Rubio is right and Rand Paul is wrong on the recent Obama deal with Cuba. As someone who spent more than 14 weeks over the last decade in Cuba, I can personally refute the following falsities that are being circulated by supporters of Obama’s rapproachment with Castro.
1) The Cuban people like Castro: This is a joke. Everyone knows if Castro speaks, they must listen on the radio. So they turn up the radio loudly in their own homes – it is common knowledge that there are informers on every block working for the Cuban government — and then they go into another room to avoid actually having to listen to his speeches.
2) Expanding American business will allow the Cubans to see what it is like in America: The Cubans already know what it is like in America — because they know how poor they really are. They just can’t do anything about it because there is such a tightly controlled police state. I recall speaking with a woman and her 12 year old daughter. The woman explained that they had virtually nothing to do. They just spent each day existing with no real life. But it brought tears to my eyes when the woman asked, “are we even more poor than the people in Afghanistan?” She had caught snatches of what was going on over there and from what she could tell, the Cubans were even poorer. Coupled with the fact that their government is brutal, they are resigned to the fact that they can do nothing to improve their own station in life.
3) The Cuban people are generally safe: This is also patently untrue. The police harass citizens for no reason and the people are afraid to travel about their country. There was one episode where I took some people traveling from one city to a nearby beach. Neither of our companions, ladies in their late 20s, had ever been more than 20 miles from their home. When we got to the beach, as long as they stayed with us, they were fine. But they took a smoke break for a few minutes away from us, and when they did not return after about 5 minutes, we went looking for them. We found the ladies being grilled by the police as to why they were not in their hometown. They finally released the girls back to our custody because we were foreigners with hard currency. From there we went on to Havana. The ladies were so afraid at the episode that had just taken place, they would not even dare emerge from the car when we arrived in Havana — even though these girls had never been to the city before. Their brief exchange with Castro’s police was that horrific.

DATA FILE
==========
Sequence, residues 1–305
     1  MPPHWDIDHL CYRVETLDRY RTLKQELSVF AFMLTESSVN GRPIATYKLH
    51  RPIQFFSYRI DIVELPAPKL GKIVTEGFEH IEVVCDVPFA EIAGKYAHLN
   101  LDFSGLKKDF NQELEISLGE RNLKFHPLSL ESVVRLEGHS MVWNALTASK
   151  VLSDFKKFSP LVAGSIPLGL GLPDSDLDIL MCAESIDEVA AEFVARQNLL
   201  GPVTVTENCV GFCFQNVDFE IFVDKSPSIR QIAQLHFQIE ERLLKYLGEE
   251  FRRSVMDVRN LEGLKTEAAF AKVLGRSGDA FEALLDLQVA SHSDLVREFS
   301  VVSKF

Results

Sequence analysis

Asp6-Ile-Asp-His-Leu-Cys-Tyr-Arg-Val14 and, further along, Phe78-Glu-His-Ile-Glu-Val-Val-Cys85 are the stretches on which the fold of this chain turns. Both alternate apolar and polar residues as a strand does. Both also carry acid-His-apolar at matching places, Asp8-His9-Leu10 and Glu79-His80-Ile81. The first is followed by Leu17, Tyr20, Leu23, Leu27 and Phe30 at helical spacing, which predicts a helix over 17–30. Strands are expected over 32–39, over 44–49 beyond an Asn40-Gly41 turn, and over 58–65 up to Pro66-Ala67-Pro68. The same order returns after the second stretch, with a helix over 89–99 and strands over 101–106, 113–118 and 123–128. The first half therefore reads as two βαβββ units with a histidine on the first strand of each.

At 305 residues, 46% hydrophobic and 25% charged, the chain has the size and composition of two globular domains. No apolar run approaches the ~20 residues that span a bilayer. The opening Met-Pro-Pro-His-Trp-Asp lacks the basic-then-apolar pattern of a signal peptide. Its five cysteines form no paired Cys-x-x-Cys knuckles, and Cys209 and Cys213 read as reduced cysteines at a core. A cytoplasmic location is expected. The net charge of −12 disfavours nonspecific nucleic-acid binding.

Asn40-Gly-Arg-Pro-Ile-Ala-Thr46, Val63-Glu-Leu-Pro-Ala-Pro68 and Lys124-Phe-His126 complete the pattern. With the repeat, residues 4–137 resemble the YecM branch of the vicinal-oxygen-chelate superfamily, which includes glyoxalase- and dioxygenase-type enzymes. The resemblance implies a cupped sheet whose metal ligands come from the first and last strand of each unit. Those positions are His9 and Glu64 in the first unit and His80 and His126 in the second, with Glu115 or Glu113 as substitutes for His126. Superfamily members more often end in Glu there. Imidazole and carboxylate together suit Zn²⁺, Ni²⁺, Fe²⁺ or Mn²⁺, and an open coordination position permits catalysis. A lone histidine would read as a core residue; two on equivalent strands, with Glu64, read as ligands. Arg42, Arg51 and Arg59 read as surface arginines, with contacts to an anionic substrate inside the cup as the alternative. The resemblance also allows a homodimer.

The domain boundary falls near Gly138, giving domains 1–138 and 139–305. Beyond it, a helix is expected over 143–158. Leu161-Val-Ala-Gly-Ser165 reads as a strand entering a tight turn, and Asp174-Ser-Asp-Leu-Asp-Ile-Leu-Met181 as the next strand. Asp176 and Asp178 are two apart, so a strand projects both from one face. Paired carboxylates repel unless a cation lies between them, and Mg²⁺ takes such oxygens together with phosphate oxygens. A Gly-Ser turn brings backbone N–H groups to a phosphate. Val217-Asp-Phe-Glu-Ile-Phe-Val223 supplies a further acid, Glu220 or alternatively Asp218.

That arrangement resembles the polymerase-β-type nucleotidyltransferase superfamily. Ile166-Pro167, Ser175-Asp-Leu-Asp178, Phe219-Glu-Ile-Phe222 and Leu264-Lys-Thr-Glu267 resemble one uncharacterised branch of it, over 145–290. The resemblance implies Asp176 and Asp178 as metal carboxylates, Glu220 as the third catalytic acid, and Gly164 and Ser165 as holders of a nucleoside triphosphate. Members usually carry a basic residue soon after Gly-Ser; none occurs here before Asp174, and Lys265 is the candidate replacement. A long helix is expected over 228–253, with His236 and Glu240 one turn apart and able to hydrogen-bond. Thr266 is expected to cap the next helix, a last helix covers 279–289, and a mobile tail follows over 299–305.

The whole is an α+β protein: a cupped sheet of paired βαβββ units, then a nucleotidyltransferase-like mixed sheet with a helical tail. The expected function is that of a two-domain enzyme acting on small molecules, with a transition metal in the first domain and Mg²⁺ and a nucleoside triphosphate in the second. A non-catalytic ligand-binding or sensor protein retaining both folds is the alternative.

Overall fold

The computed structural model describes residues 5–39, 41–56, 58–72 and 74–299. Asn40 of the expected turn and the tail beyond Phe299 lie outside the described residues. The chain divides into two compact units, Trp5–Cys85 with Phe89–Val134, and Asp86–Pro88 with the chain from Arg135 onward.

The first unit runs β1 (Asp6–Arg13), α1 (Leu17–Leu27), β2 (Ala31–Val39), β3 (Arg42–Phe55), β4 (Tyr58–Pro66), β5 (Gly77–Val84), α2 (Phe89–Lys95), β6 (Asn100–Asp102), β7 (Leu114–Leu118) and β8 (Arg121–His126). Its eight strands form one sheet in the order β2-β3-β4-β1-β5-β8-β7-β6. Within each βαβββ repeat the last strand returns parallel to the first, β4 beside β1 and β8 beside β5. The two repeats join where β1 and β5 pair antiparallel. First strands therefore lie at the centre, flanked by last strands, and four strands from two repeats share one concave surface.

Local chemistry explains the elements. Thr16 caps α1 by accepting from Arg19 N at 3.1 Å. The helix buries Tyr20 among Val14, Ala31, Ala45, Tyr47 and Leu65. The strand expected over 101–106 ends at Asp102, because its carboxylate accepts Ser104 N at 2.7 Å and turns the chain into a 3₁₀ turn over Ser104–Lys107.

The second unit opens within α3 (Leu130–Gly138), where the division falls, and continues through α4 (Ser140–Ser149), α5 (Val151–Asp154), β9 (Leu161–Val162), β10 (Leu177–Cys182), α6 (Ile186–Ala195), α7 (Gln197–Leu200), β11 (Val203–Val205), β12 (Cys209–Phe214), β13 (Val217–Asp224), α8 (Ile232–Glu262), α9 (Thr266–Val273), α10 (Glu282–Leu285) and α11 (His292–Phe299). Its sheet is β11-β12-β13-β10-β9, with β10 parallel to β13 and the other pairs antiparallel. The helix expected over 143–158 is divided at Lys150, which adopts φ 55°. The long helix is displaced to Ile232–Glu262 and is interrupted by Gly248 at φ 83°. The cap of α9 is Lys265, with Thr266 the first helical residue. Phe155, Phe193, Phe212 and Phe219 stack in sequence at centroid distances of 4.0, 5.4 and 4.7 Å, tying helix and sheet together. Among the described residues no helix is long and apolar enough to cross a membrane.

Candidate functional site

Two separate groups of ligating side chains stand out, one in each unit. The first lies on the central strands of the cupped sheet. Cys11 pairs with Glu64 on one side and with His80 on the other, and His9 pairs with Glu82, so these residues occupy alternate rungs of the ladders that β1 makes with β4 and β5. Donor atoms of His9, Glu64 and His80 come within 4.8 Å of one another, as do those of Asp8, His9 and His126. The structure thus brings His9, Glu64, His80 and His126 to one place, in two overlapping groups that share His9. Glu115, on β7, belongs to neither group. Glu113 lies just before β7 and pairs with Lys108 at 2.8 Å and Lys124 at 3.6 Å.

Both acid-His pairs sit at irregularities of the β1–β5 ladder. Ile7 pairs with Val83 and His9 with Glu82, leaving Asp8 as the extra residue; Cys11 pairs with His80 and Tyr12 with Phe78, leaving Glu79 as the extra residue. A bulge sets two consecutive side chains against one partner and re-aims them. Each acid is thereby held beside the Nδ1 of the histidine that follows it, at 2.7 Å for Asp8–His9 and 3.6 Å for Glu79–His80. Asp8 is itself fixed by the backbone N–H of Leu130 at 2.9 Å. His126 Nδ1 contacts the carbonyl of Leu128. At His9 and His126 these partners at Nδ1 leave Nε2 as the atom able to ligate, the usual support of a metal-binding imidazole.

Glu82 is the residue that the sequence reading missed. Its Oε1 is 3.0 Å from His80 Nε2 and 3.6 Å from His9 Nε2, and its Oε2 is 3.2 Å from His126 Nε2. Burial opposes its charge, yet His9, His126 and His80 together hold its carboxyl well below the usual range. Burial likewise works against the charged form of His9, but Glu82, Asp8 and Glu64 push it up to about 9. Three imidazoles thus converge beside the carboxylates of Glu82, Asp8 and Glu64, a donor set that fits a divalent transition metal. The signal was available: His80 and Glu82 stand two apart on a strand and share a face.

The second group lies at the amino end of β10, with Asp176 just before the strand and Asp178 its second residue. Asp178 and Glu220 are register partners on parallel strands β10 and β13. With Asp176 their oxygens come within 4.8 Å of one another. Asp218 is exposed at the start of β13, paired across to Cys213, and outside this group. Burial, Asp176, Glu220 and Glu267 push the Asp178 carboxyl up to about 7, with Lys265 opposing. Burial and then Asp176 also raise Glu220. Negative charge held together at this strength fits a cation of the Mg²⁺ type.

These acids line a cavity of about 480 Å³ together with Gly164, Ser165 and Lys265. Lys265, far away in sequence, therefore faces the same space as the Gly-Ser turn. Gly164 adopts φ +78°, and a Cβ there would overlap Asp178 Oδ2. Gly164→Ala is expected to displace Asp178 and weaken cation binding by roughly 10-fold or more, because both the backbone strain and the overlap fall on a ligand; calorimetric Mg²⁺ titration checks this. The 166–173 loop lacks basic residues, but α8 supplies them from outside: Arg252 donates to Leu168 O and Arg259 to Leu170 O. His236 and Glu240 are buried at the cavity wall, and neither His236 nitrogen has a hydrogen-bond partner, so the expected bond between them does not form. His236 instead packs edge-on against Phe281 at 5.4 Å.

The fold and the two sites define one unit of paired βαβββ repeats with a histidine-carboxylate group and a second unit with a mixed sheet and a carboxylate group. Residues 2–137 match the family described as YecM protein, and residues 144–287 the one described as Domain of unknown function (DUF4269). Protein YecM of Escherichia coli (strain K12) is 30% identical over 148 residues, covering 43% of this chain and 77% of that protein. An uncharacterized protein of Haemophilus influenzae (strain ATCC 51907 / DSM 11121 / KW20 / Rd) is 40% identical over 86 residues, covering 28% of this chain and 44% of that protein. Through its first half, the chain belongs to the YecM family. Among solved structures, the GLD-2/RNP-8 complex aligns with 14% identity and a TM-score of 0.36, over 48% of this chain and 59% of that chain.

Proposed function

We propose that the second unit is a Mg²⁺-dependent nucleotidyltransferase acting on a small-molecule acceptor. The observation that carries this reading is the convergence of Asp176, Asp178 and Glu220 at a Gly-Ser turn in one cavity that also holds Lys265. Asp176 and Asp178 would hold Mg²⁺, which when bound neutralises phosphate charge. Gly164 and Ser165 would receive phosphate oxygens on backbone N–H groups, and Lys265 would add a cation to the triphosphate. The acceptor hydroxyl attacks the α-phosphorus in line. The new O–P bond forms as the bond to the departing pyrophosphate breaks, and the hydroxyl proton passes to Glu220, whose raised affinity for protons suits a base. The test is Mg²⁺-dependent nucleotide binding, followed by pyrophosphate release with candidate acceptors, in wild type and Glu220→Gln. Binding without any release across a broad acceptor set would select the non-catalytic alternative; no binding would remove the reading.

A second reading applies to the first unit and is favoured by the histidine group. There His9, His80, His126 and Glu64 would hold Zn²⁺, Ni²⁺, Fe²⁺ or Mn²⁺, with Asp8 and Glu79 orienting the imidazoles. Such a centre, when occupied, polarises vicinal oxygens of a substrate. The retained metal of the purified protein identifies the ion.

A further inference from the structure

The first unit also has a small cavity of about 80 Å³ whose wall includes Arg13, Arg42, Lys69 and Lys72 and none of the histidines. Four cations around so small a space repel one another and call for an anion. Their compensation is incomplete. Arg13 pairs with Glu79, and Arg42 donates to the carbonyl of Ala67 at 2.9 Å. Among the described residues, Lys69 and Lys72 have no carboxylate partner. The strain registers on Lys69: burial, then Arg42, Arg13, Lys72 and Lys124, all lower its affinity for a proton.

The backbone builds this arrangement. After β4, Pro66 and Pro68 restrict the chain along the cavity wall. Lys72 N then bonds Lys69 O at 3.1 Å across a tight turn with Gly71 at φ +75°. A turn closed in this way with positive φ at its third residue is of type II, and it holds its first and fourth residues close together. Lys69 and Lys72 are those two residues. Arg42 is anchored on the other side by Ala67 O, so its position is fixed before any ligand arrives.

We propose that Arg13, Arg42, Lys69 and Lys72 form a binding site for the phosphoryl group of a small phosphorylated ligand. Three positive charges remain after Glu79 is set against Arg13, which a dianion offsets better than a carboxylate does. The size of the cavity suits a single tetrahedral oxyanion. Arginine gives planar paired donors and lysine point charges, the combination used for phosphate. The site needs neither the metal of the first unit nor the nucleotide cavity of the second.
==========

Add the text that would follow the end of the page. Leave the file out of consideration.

The main reason to oppose this deal is that it will accomplish nothing other than put more money in the Government’s hands, allowing them to be even more brutal to their people. What the Cubans see is that we made a deal with their government, who has made their lives miserable for the last half-century. Rubio is right when he points out that this arrangement will likely do nothing to improve the lives of the Cubans — which should be the basis for any policy initiatives with regard to Cuba. Though I agree with many things Rand Paul has to say, on this issue, he is uninformed.